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Take Steps to Improve Your Health

Do you desperately desire to improve your health? Perhaps, you suffer from a chronic condition such as diabetes, osteoarthritis, or hypothyroidism. Or, you might simply wish to lose weight in order to gain some much needed energy. Regardless of your particular situation, make visiting your primary care physician at least once each year a priority. During a physical exam, your doctor will check important, vital signs such as your pulse, temperature, and blood pressure levels. This medical professional might also conduct blood tests at this time. On this blog, I hope you will discover easy, effective ways to improve your health. Enjoy!

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Tips for Helping a Child Overcome a Frontal Lisp

If your child has a lisp, there is a good chance that you want to correct it as soon as possible in order to make sure that he or she can be easily understood by everyone and so that he or she does not get made fun of at school and retains his or her confidence. Here are some tips for helping your child overcome a frontal lisp.

1. Bring Awareness to the Difference Between the 'S' Sound and the 'Th' Sound

The main symptom of a frontal lisp is that your child is making the 'th' sound, rather than the 's' sound when he or she is trying to say words that have the letter 's' in them. The first thing that you need to do to correct this problem is point out to your child that he or she is actually making a different sound than the one that the letter 's' is intended to make. By bringing your child's awareness to it, you can help correct for it. Say different sounds to your child and make sure that he or she is able to correctly identify which are 's' and 'z' sounds and which are the 'th' sounds.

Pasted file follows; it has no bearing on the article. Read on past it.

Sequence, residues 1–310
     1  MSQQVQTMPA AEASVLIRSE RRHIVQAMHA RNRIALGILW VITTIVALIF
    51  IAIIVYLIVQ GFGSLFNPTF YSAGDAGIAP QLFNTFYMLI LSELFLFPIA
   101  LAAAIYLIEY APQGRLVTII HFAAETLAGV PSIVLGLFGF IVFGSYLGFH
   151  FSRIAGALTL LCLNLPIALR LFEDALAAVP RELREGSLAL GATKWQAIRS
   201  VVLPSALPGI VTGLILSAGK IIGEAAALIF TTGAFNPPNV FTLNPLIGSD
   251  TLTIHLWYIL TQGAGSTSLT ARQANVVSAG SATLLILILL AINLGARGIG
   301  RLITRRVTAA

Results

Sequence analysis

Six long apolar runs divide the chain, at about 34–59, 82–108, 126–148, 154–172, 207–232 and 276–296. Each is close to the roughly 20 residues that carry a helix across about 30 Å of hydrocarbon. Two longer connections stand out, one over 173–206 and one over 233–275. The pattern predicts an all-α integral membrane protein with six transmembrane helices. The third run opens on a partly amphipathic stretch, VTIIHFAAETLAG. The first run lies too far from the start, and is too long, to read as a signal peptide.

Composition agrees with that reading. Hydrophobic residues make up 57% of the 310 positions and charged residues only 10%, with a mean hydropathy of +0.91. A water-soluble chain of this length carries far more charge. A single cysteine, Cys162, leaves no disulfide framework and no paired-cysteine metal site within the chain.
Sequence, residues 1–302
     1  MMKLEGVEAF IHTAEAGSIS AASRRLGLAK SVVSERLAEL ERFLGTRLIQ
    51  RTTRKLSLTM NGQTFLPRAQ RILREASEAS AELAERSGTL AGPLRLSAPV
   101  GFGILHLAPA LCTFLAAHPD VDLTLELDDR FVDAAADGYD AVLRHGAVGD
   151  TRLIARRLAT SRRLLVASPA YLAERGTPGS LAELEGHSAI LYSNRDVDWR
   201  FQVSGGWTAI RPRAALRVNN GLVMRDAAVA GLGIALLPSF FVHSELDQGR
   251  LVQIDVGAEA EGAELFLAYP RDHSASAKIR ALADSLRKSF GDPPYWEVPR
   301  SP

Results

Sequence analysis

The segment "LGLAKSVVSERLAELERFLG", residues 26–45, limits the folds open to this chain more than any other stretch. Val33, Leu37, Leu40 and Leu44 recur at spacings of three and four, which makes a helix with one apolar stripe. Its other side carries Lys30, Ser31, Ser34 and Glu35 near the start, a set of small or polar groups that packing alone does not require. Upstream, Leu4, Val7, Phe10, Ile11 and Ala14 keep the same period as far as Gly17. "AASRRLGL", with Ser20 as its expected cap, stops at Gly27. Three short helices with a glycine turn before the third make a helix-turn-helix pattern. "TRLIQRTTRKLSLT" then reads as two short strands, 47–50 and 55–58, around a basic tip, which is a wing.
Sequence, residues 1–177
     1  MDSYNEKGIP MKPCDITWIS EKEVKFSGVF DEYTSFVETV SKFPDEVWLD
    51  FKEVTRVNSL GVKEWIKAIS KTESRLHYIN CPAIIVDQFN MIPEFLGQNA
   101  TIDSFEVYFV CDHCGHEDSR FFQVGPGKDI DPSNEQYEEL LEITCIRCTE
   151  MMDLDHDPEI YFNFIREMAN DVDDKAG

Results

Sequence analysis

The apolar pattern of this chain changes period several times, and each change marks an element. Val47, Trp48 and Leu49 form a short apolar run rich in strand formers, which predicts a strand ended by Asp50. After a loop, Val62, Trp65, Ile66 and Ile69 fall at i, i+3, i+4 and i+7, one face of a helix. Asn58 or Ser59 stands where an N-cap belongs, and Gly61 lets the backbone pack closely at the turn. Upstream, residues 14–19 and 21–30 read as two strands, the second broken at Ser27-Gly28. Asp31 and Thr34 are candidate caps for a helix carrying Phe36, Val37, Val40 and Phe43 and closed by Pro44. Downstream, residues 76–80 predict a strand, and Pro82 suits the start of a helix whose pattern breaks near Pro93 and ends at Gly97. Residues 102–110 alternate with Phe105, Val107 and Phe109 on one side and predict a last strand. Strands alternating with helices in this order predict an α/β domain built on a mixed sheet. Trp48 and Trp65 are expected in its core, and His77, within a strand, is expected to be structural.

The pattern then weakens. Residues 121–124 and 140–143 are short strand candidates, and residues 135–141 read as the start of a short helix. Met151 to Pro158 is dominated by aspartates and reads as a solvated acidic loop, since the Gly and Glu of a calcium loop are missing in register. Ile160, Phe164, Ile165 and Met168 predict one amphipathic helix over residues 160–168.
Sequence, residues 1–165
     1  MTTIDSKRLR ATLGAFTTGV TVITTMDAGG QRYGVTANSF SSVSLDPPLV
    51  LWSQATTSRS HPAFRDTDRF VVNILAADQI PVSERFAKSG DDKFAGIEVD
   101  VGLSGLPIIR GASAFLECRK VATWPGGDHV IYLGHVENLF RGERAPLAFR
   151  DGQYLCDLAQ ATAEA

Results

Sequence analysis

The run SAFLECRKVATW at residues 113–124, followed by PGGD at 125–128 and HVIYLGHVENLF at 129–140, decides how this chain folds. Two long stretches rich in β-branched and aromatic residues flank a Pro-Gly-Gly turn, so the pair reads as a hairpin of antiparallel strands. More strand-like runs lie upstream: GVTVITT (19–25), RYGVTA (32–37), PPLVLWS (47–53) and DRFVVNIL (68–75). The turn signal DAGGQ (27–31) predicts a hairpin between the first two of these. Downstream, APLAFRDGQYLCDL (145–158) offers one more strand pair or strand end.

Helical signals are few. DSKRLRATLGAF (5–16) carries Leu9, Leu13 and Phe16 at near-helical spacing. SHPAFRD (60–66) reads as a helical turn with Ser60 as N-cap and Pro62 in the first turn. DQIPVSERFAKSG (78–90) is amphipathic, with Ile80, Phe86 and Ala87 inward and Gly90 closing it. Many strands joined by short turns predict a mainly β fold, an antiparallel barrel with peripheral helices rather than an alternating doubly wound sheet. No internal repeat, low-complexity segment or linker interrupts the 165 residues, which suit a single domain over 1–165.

2. Show Your Child Where to Place His or Her Tongue

The next thing that you need to do is show your child where to place his or her tongue. Demonstrate with your own tongue and teeth and use a mirror so that your child can really see what is going on. Have your child mimic you and check what he or she is doing with the mirror. Try to make a game out of it.

3. Practice Together

Make a list of words that have the letter 's' in them and make a game out of saying them together. Have your child read out loud to you. During any practicing that you do, make sure that your child is paying attention to the sounds that he or she is making. Put all of your correction efforts into the time that you deliberately set aside for practicing. Otherwise, allow your child to speak normally so that he or she does not become afraid to speak.

4. Talk to a Speech Pathologist

If the lisp does not go away on its own, you may need to talk to a speech pathologist because it could be a muscular problem. Services like Eastern Carolina Ear Nose & Throat-Head can ensure your child has the proper training to overcome the lisp and develop confident in their speech abilities.